URUGUAY: Protests Over Venezuela’s Multi-Million Agro Trade Debt

uruguay

 

Milk producers across economic-crisis gripped Uruguay have blockaded several national routes, demanding answers to the nonpayment of the Venezuelan government to whom they sold the products.

In total, there were 10 roadblocks in 9 of the 19 departments of the country.

Photo (c) La Patilla 2016

Venezuela has not come through with their payments to the companies primarily in the dairy sector, and other agricultural areas. The products were sold in the framework of a bilateral agreement signed by the government of Tabare Vazquez with his Venezuelan counterpart Nicolas Maduro, who revealed making the payments now are “difficult to meet” due to Venezuela’s own internal crisis.

The products were sold in the framework of a bilateral agreement signed by the government of Tabare Vazquez with his Venezuelan counterpart Nicolas Maduro, who revealed making the payments now are “difficult to meet” due to Venezuela’s own internal crisis. Photo (c) Borneo Bulletin 2015

According to the International Monetary Fund (IMF), Venezuela holds an inflation rate of 720%, after surpasing world records at 250% last year. 9.1% is projected for Uruguay – the 4th highest inflation rate in Latin America.

Venezuela’s debt with Uruguay – which directly affects dairy farmers as much of the volume of sales to that country constitute as cheese and milk powder – is a fortune.

It is estimated that the Caribean country owes  aproximately $ 100 million to the dairy sector. Conaprole (the largest company in the industry in Uruguay) alone still awaits U$S86 million in goods already delivered and consumed across the continent.

Venezuela holds an inflation rate of 720%, after surpasing world records at 250% last year. Photo (c) El Nacional 2015

Last week, President Maduro proposed a meeting of his National Council for Productive Economy. There, Venezuelan officials and businessmen were planning to address the serious problems of the economy, for which the government has declared a state of economic emergency.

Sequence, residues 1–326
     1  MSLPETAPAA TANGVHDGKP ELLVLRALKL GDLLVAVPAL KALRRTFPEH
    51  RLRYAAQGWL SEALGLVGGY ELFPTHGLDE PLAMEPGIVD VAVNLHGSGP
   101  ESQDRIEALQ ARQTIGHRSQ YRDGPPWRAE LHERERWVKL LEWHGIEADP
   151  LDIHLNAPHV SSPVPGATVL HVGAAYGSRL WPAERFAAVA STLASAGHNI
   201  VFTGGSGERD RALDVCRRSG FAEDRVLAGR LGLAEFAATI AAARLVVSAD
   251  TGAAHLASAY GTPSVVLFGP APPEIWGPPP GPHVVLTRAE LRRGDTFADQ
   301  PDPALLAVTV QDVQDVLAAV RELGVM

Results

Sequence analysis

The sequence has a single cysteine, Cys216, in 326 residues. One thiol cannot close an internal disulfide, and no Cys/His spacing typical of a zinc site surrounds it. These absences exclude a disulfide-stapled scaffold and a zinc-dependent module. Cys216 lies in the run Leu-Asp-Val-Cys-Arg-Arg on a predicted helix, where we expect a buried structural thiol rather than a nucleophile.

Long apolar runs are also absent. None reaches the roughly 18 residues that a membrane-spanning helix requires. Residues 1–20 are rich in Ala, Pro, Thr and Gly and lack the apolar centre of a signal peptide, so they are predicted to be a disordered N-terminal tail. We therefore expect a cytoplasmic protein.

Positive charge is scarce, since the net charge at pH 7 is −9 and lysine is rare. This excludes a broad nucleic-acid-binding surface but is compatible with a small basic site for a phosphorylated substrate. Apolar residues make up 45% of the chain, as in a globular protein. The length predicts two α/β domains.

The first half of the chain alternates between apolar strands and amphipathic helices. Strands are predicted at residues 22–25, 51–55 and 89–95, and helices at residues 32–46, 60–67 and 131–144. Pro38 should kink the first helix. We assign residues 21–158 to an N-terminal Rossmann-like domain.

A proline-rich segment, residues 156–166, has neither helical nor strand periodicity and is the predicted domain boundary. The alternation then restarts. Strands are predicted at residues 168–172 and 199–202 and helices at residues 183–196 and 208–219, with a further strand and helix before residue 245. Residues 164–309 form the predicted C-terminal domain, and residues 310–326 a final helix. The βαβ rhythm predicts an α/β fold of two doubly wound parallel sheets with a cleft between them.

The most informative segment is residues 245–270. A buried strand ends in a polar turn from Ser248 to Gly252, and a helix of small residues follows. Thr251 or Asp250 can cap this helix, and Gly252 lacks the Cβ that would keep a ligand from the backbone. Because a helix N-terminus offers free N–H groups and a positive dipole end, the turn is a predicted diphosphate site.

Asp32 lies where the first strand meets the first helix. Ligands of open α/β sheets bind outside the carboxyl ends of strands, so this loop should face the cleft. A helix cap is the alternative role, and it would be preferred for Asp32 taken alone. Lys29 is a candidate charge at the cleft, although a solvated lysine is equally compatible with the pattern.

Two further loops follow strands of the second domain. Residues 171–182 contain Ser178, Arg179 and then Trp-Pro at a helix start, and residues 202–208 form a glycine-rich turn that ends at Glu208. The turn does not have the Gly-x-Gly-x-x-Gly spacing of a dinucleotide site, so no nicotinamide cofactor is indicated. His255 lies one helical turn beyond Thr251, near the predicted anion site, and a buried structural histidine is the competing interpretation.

“Today we will activate the National Council of productive economy with all sectors who want to work and overcome this difficult situation,” wrote President Nicolas Maduro, via his Twitter account, @NicolasMaduro.

 

About the Author

Ailana Navarez
Ailana Navarez is Editor-in-Chief of Pulsamerica Mangazine and Deputy Editor of International Policy Digest. She has published over 100 international relations-related articles as a political analyst / journalist with a concentration in Latin American political leadership analysis, commerce, international relations, history and security affairs. As a photographer, she has covered international summits – including of MERCOSUR and the UN. She has also written for World Press. Navarez holds a BA in Government and Psychology at Harvard, pursuing an MA in Homeland Security at Penn State, and is certified in Competitive Counter Intelligence, Technical Surveillance Countermeasures and Countering Terrorism & the Asset Threat Spectrum. She speaks English, Spanish, Portuguese and Hawaiian Creole.